The first issue was one of formatting. In my story, I wanted to link similar short quotes together in order to tell the larger story. Typical journalism convention involves putting each quoted speaker into their own paragraph and more generally trying to reduce confusion about who said what. But in assembling this particular story, I didn’t want to separate every small quote by paragraph. That led to me having a lot of paragraphs that looked like this:
There was also praise for the MacBook Air revision. “The MacBook Air looks like it’s going to be a great machine for the majority of users, even if it is a couple hundred dollars more expensive than I’d like,” said Stephen Hackett. “I like the new retina MacBook Air a lot, but it was overdue by at least a year,” said John Gruber.
The problem with this style is that readers are likely to think that the second quote is in Stephen Hackett’s voice until after it ends, when it’s revealed that it was John Gruber all along. Not great. I was not sure what I wanted to do, but—prodded by Charles Arthur—I spent some time pondering and decided just to put the attributions in front of the quotes. It’s not something I prefer to do in most stories in which I quote people, but the Report Card is a strange beast and it was important to be very clear about who said what.
But now I have a 5,000-word article, already written, full of quotes that are formatted the wrong way! What to do? The answer, of course, was to compose a regular expression in BBEdit that swapped the location of the attribution:
The end result (I walked through the document making each change individually in order to make some minor corrections on the fly where necessary):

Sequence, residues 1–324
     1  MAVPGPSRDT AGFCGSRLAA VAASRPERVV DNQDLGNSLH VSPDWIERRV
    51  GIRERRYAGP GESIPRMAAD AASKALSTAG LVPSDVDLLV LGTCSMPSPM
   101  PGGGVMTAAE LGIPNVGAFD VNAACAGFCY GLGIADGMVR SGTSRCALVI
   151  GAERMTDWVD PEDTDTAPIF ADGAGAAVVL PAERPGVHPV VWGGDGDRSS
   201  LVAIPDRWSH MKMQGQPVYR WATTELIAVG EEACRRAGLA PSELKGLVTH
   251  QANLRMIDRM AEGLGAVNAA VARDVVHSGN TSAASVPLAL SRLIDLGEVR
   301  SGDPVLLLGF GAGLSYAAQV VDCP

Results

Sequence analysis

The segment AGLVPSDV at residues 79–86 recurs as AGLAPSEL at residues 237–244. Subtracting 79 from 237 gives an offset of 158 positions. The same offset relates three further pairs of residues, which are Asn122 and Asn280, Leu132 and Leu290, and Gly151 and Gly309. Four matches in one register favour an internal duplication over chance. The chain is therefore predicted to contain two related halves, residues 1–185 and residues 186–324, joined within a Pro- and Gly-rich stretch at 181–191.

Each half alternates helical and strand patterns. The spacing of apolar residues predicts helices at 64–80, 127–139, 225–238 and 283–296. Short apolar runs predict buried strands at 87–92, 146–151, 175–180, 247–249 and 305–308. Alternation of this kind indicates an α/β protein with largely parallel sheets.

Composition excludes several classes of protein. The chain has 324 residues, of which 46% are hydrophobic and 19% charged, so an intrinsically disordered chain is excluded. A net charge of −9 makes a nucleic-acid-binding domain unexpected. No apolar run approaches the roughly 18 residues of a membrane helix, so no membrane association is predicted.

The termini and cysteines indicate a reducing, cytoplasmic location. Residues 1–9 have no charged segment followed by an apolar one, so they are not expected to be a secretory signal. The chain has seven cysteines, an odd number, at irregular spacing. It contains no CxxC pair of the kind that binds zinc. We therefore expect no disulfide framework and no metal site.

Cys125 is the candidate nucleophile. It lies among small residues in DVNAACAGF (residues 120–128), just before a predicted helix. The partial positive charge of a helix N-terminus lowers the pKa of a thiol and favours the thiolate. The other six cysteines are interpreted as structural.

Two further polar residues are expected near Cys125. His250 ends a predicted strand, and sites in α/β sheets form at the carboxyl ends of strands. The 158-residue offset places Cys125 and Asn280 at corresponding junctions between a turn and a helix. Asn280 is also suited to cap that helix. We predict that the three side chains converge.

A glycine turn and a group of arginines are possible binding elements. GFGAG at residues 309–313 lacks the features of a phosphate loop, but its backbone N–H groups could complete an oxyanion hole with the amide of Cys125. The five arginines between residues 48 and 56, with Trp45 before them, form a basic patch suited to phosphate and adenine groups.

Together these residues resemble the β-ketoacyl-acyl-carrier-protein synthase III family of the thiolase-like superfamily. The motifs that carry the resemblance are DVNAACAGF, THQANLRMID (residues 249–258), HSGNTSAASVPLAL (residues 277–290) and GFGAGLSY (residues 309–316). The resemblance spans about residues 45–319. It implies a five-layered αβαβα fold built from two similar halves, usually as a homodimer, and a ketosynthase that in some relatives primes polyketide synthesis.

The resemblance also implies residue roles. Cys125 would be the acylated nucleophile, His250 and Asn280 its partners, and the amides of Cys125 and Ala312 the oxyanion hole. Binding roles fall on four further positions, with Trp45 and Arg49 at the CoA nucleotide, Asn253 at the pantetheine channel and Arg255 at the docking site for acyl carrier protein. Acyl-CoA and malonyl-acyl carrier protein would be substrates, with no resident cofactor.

There was also praise for the MacBook Air revision. Stephen Hackett said, “The MacBook Air looks like it’s going to be a great machine for the majority of users, even if it is a couple hundred dollars more expensive than I’d like.” John Gruber said, “I like the new retina MacBook Air a lot, but it was overdue by at least a year.”
And it took me a couple of minutes to write the regular expression, instead of a half an hour laboriously copying and pasting flipped-around attributions.
Finally, I needed to create a list of all my participating panelists to place at the bottom of the article. I wanted this list to be alphabetized by last name. Again, BBEdit came to the rescue—it’s got a Sort Lines command that lets you match a regular expression and then sort by any portion of that expression. This let me match first and last names and then sort on the last name, at which point I could replace the line breaks with commas and, voila—a comma-delimited and alphabetized list.
One of these days I suppose am going to have to invest some time in finding the iOS equivalents to all these BBEdit features. But in the meantime, I was glad I could pop into my office and finish this particular job on my Mac.
- This doesn’t mean there isn’t a way, it’s just not what I’d consider “straightforward.” More on this in a later post. ↩